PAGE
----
4. A transformer including a magneticcore having two'non-saturating sections arranged to conduct the magnetic core fiux in parallel paths, a secondary winding having a portion linked by the total core flux and a second portion linked only by the core fiux in one of said paths, and an auxiliary' winding having portions provided on each of said core sections, said auxiliary winding portions being so arranged as to eifect a. distribution of the core flux between said parallel paths ina predetermined ratio irrespective of the relative cross-sectional areas of said paths.
5. A transformer including a magnetic core having two sections ,arranged to] conduct the magnetic core fiux inparallel paths, a secondary winding having a portion linked by the total flux and a portion linked by the fiux in only one of said paths, and an auxiliary winding surround ing each of said parallel paths so as to maintain a predetermined ratio of distribution of the mag essence 8. A transformer including a unitary magnetic core,an opening in said core providing two nonsaturating parallel paths in a, portion of said core for the magnetic core flux, and auxiliary windings extending through said opening and around said core sections for maintaining substantially constant the flux distribution through said paths throughout the normal current range or said transformer.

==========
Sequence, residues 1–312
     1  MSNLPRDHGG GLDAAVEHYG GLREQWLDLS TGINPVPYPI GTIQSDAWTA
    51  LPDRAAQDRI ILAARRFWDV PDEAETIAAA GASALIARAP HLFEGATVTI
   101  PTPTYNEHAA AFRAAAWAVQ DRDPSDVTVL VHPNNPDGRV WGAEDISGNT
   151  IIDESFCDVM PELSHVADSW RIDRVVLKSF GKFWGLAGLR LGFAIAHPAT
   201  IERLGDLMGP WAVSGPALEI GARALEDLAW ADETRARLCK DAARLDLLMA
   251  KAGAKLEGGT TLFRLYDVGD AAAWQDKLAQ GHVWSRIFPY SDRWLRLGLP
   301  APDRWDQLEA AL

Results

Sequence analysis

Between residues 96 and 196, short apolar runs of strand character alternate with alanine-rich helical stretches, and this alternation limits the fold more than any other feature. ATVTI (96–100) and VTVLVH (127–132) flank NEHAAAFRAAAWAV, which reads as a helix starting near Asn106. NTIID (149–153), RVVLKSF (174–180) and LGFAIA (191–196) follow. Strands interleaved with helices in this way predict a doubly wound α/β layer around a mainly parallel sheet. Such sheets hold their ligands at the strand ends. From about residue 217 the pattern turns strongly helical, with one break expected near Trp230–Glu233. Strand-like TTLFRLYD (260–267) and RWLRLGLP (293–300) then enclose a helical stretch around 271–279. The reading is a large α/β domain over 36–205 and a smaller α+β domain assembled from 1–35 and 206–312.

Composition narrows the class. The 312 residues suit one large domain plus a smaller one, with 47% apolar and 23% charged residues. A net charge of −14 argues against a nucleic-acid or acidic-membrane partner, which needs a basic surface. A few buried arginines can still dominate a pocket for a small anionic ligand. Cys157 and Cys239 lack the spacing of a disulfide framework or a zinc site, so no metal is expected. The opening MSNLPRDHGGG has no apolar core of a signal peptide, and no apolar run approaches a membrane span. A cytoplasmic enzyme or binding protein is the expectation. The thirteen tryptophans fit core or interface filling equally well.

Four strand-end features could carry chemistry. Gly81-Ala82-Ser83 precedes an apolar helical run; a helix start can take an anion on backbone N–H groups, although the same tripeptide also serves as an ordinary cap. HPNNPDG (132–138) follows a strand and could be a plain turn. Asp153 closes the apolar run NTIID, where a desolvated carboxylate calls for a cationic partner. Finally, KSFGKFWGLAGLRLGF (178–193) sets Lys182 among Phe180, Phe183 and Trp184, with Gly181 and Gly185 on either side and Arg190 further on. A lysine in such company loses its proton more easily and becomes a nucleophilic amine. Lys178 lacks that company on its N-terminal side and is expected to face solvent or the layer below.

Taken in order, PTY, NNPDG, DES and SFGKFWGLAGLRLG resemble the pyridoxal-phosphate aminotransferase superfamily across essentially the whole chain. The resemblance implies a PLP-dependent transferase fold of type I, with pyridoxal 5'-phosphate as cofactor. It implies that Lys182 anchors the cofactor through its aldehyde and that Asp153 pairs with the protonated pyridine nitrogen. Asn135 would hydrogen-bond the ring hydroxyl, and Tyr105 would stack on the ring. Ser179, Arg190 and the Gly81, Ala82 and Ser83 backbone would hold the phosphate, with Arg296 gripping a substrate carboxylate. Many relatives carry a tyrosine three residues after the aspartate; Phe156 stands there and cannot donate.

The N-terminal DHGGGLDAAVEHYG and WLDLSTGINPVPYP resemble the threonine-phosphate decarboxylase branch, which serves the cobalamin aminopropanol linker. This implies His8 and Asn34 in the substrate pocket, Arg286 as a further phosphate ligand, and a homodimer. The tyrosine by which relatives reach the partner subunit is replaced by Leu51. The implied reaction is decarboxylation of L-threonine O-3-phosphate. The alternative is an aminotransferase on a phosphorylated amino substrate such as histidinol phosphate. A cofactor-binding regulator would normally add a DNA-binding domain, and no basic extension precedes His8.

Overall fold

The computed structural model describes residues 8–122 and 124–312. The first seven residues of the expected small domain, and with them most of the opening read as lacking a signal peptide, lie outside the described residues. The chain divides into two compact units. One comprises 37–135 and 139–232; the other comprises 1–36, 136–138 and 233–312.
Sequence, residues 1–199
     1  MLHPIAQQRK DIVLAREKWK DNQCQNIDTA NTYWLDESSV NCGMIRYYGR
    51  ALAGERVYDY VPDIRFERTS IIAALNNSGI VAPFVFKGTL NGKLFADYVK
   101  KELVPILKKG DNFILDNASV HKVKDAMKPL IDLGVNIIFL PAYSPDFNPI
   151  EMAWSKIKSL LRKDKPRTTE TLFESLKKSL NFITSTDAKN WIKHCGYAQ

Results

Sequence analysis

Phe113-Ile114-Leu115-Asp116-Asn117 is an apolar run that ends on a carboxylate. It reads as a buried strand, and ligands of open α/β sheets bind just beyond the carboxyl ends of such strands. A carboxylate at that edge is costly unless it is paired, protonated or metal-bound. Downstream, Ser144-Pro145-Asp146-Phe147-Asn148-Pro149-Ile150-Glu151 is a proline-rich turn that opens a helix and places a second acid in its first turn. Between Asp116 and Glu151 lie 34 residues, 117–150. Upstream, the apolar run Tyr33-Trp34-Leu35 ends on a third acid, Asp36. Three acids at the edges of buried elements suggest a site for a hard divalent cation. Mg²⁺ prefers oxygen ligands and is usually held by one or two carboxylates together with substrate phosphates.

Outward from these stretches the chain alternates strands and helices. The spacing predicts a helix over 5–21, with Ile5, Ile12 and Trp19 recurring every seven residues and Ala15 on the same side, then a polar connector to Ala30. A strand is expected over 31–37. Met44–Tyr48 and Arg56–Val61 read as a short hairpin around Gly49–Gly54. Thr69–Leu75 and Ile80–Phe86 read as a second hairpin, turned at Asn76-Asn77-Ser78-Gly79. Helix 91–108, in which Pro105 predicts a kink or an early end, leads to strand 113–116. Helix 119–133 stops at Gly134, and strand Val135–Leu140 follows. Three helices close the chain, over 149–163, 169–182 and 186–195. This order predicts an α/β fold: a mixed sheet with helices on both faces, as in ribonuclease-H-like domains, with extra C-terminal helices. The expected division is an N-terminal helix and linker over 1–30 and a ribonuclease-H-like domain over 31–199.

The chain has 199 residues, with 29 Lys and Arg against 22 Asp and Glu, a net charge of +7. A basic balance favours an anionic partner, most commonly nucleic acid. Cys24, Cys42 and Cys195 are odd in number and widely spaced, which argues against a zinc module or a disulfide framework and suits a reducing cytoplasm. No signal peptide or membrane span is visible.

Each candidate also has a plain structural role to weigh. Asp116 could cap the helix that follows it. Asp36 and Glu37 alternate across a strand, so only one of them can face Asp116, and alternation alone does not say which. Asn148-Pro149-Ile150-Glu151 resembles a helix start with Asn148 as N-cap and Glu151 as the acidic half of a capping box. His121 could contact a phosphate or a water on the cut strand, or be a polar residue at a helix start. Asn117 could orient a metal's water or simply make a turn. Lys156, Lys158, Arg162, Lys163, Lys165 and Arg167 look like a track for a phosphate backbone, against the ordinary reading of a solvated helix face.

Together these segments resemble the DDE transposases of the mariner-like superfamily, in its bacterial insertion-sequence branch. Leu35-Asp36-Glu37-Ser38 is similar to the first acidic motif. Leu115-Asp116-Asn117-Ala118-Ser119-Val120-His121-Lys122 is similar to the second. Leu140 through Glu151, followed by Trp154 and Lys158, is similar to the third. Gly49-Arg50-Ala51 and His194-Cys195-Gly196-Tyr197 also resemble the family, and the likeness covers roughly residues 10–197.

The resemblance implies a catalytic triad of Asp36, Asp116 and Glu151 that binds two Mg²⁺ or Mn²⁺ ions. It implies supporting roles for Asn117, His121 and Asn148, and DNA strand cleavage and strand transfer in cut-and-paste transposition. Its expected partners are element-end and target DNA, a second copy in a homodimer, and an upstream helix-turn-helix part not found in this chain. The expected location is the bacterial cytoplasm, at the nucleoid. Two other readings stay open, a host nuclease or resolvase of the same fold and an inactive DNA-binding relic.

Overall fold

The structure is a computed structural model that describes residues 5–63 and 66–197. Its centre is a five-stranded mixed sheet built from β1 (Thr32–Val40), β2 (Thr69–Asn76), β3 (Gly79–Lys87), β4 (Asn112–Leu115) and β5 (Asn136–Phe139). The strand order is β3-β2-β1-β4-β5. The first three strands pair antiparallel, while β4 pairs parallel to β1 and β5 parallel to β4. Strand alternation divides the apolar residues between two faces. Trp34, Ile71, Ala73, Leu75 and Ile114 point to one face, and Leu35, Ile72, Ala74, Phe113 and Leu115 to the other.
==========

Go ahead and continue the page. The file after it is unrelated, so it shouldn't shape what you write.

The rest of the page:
9. A transformer comprising a core having an opening formed therein, a winding on said core, said winding having a plurality of turns completely surrounding said core, at least one .turn of said winding passing through said opening in said core and means extending through said opening and around the core portions on the opposite sides thereof for maintaining substantially constant the ratio of the flux linkages with said turn passing through said opening relativ to the total core flux.